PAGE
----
It is considered the least terrestrial place on Earth: squeezed between some of the highest mountains in the world and where it may not rain for years. It is the Atacama Desert, probably the oldest desert on the planet and which due to its 'non-terrestrial' characteristics is the preferred site to test space missions destined for Mars and host some of the largest telescopes in the world, such as those of the European Southern Observatory.
On the occasion of World Environment Day, e-Geos – a company that provides Earth Observation services and consists of Telespazio (80%) and the Italian Space Agency (20%) – wanted to select a spectacular satellite image taken by Landsat, in which it is possible to appreciate the incredible complexity of this territory characterized by deep valleys and pointed ridges, expanses of sand, salt lagoons, Geysers and volcanoes.
The two very high mountain ranges that border the Atacama to the east and west mean that the region does not receive a single drop of water. And it is not a figure of speech: on average there are 15 millimeters of water per year, but in some places it reaches only 1 millimeter per year. It can happen that not even a drop of water rains for 4 years.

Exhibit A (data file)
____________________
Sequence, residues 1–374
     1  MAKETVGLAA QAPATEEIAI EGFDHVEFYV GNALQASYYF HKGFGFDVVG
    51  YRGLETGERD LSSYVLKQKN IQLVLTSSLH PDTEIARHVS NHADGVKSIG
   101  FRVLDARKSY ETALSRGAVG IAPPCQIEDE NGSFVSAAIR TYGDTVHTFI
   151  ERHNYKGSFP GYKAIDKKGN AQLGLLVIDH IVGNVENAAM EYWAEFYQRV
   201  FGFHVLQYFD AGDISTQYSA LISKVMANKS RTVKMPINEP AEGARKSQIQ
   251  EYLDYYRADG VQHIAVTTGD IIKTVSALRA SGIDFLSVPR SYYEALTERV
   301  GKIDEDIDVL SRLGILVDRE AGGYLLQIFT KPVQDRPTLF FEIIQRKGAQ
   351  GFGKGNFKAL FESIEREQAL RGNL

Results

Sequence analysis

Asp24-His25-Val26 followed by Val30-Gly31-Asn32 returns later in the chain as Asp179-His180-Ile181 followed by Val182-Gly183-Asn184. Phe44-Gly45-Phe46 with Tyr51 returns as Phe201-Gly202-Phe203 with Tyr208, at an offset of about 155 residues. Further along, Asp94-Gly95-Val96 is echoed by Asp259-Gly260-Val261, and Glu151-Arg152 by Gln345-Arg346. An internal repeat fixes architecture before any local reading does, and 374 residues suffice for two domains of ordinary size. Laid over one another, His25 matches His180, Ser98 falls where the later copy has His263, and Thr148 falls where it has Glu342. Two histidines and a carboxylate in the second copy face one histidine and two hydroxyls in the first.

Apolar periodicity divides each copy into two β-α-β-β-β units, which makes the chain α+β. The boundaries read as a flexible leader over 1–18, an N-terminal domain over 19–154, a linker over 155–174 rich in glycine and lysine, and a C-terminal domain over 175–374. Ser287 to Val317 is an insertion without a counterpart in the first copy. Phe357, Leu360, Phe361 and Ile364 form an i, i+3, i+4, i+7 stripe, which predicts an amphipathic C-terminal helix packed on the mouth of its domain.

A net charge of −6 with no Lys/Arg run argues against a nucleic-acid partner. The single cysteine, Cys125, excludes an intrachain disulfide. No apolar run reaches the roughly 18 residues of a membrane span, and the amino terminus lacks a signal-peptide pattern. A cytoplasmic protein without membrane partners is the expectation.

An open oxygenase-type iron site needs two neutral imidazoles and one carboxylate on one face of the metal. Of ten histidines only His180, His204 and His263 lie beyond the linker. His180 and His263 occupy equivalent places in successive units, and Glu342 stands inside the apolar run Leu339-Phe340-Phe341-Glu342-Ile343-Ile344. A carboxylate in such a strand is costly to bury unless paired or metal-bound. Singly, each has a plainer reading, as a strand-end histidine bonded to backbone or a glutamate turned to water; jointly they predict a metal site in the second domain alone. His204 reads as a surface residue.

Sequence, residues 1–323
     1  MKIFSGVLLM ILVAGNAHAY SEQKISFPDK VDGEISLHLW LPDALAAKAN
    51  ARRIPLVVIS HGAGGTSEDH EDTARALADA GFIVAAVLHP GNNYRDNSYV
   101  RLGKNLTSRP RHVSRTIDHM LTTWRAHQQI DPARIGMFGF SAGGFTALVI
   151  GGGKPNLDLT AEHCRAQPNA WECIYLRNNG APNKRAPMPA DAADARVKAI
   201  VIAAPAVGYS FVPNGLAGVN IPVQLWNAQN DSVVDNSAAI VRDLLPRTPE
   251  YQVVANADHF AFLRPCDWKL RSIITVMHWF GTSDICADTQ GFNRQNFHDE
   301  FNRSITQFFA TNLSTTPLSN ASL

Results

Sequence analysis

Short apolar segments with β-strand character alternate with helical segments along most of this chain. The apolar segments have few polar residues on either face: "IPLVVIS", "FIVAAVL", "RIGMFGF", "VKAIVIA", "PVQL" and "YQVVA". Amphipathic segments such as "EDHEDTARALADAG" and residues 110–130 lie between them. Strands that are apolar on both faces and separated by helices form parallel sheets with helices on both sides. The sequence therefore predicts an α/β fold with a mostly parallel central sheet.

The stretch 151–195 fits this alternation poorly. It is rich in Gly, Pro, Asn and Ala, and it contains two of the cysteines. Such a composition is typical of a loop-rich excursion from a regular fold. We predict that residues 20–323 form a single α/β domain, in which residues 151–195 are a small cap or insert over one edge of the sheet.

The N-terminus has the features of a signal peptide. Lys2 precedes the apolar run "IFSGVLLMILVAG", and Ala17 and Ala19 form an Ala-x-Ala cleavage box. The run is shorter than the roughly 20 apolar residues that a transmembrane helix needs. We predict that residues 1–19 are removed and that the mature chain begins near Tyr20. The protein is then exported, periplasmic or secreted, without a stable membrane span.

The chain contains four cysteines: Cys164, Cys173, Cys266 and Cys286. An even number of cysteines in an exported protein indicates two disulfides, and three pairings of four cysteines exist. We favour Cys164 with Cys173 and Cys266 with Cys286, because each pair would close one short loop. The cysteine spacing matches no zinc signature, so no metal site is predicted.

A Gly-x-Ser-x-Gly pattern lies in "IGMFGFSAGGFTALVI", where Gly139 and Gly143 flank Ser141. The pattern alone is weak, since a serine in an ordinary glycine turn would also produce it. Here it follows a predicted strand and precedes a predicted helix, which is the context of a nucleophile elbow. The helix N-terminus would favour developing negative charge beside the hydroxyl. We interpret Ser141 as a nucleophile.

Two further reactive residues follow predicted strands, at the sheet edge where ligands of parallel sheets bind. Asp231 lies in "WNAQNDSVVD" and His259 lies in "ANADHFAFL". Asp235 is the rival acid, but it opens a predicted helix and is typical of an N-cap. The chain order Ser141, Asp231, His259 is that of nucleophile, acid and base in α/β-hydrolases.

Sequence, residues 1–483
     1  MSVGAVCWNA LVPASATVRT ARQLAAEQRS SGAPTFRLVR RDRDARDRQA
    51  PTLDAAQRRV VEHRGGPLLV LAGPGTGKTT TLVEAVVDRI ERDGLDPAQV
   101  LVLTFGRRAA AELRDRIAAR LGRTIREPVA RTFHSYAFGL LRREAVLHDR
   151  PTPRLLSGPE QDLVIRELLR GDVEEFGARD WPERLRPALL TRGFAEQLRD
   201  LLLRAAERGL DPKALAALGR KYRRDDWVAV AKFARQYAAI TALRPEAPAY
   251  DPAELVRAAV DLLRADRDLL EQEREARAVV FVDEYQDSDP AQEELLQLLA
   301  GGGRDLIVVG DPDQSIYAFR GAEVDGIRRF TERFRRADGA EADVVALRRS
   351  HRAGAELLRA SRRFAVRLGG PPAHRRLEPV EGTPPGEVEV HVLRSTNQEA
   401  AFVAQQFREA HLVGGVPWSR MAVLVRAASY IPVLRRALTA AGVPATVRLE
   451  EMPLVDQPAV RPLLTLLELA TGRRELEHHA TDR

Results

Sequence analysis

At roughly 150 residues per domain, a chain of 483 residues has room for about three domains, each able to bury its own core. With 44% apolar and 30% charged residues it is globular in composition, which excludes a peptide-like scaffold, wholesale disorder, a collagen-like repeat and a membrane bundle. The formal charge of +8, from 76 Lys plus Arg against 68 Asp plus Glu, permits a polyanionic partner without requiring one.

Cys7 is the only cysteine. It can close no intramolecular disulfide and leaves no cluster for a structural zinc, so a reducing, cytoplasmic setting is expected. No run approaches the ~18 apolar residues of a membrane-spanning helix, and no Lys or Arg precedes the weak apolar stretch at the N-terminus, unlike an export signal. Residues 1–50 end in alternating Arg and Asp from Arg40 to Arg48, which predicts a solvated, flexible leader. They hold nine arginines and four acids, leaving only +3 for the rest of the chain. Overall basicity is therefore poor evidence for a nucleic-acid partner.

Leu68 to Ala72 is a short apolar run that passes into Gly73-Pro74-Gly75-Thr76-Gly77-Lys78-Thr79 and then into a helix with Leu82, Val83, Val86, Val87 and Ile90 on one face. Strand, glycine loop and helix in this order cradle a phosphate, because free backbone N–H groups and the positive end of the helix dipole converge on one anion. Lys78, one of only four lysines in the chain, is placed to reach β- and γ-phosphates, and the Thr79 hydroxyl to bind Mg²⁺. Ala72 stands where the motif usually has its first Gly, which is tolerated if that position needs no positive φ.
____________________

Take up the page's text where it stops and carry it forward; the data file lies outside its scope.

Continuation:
It is such a dry environment that on many peaks in the region, which can even exceed 6,000 meters such as Ojos del Salado (the highest volcano in the world), there is no trace of snow. Precisely because of its little terrestrial characteristics, some regions of the Atacama Desert are the preferred places to test space missions destined for Mars.
In 2003 some researchers wanted to replicate here some of the tests performed by the Viking 1 Viking 2 landers on Mars in the 70s to find any traces of life: performed in Atacama they were not able to identify life forms. The Atacama Desert is home to many of the most important telescopes on the planet, such as the large Atacama Large Millimeter/submillimeter Array interferometer composed of 66 radio telescopes and the Very Large Telescope, while the gigantic Extremely Large Telescope (ELT) with a main mirror of 39 meters in diameter is under construction.